Herberger’s Expanding at Kalispell Center Mall

Downtown department store to double in size, break ground this summer

Propelling revitalization efforts in downtown, Kalispell Center Mall is expanding with a 40,000-square-foot addition to Herberger’s.

David Peterson, executive vice president of Goodale & Barbieri Company, the Spokane-based firm that owns the mall, has announced a major addition and investment in the heart of Kalispell. Peterson said Herberger’s, part of The Bon-Ton Department Stores, has signed a new long-term lease in the mall and plans to double in size over the next year.

Herberger’s will expand its department store from 40,000-square-feet to 80,000-square-feet and consolidate its second 14,000 square-foot store space into the newly expanded space, Peterson said. The store will expand to the west of the current site into the parking lot.

Construction will begin this summer, according to Eric Peterson, the mall’s property and leasing manager. The expansion is scheduled to be completed in the spring of 2017.

“We are excited about the expansion of Herberger’s, which will create a brand new shopping environment for our customers,” stated Steve Byers, executive vice president of stores, The Bon-Ton Stores, Inc. “In addition, the store experience will be enhanced with new brands and expanded merchandise assortments.”

Herberger’s, JC Penney, Red Lion Hotels and all other stores in the 300,000-square-foot mall will remain open during construction.

The expansion marks the latest and largest example of redevelopment to surface in Kalispell’s core area, which is the subject of extensive planning efforts among civic and business leaders.

Four years after a sweeping revitalization plan was crafted for the core area, the vision is becoming reality thanks in large part to a $10 million transportation grant that was awarded last fall. Project leaders envision a list of changes that could spur private reinvestment in the heart of town, such as improved walkability and connectivity between neighborhoods and city streets.

As a key component in that effort, Flathead County Economic Development Authority is building an industrial rail park off Whitefish Stage Road that will allow CHS Kalispell to relocate its various properties to a new facility in 2018 followed by the removal of the downtown railroad tracks in 2019, according to a tentative timeline. A walking path will replace the tracks.

FCEDA hopes to break ground on the 43-acre rail park this fall after an environmental assessment is completed.

FCEDA leaders, along with city staff, gave an update on the entire core area revitalization effort at the Kalispell Chamber of Commerce lunch on June 21 at the Red Lion Hotel.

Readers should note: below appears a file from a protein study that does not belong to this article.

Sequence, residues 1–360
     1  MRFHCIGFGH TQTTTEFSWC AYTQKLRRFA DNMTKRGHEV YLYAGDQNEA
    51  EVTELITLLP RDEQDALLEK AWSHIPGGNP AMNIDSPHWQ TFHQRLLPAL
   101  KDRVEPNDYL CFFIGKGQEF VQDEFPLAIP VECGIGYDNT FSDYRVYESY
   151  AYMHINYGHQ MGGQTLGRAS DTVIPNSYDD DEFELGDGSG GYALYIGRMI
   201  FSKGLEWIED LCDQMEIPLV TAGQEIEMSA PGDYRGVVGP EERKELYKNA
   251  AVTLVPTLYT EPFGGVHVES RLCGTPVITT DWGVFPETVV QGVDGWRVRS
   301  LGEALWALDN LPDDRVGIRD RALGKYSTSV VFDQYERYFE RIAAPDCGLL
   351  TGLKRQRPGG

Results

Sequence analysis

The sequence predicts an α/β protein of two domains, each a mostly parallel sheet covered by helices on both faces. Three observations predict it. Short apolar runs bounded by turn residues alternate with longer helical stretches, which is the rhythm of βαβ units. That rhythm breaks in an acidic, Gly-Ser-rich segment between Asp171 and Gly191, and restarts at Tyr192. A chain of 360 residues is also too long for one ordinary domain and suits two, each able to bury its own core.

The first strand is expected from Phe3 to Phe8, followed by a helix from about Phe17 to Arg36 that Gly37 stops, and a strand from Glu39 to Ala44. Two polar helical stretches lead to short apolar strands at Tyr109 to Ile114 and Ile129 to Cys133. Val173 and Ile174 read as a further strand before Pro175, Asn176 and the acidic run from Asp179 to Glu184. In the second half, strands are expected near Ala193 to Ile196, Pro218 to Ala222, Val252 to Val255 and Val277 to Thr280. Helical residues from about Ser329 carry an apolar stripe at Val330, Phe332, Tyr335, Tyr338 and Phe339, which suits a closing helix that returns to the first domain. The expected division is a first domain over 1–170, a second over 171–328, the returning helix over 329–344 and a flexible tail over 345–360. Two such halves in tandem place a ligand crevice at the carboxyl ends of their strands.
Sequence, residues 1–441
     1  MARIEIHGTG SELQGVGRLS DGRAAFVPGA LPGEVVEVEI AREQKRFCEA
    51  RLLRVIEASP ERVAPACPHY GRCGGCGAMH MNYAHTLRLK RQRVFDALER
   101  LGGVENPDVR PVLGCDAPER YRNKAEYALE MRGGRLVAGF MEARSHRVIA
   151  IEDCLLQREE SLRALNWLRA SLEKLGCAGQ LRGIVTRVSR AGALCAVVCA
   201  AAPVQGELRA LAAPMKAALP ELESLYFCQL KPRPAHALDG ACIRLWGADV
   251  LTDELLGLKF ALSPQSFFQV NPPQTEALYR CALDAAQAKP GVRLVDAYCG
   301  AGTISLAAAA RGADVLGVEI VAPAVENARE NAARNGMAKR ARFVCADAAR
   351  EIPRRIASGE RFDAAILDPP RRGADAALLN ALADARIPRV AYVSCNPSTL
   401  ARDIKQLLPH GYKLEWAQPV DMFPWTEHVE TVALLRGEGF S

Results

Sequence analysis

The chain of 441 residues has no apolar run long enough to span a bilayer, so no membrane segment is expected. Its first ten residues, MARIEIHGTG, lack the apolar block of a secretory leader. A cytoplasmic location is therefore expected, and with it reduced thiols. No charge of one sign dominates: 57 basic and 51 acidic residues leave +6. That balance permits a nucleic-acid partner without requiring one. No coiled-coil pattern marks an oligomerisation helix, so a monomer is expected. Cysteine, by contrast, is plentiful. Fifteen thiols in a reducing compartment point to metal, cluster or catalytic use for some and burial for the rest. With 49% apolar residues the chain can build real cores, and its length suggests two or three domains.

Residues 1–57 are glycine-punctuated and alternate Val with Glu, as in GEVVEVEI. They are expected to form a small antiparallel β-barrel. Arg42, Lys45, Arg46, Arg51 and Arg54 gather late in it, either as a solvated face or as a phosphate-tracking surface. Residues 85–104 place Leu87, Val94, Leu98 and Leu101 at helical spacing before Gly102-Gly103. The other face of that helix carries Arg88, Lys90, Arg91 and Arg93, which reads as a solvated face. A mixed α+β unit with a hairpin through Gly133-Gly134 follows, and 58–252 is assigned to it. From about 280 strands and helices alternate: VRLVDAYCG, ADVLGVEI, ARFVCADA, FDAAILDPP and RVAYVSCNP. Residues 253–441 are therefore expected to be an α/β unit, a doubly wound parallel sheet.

Kim Morisaki, FCEDA’s project manager, said the community has a great opportunity to provide feedback and ideas for the revitalized core area.

“We want to ask the community to start thinking about who might want to be located in the rail park and who might want to invest in the core area,” she said. “We all have a role to play in this community project and there will be a lot of opportunities in the next couple years for the community to give input.”

Morisaki said the entire effort has momentum, with the mall’s expansion providing another example. FCEDA has regularly been receiving interest from businesses, including hotel and residential developers, about potentially investing in the heart of Kalispell, Morisaki said.

“It’s really exciting,” she said.

For more information about the rail park, visit http://www.kalispellcoreandrail.com.

  • Rhett the Butler

    I guess it’s about time they did something with all that unused parking area. That’s why there’s a bank in one corner and a Starbucks in the other on Main Street.

    • Cody Currier

      How about a giant vertical greenhouse to feed the poor, homeless or jobless in our town instead of feeding them expired Walmart crap or giving them foodstamps to spend on… other crap food. You can give them jobs too, just teach them about plants and have them grow their own food.

      Is 40,000 square acres of expensive clothing made by slave labor really something we want to reinforce as a society, compared to the other possibilities? Like getting the hobos off the benches in-front of glacier bank and Sykes?

  • Cody Currier

    How about a giant vertical greenhouse to feed the poor and homeless in our town instead of feeding them expired Walmart crap? Is 40,000 square acres of expensive clothing made by slave labor really something we want to reinforce as a society, compared to the other possibilities?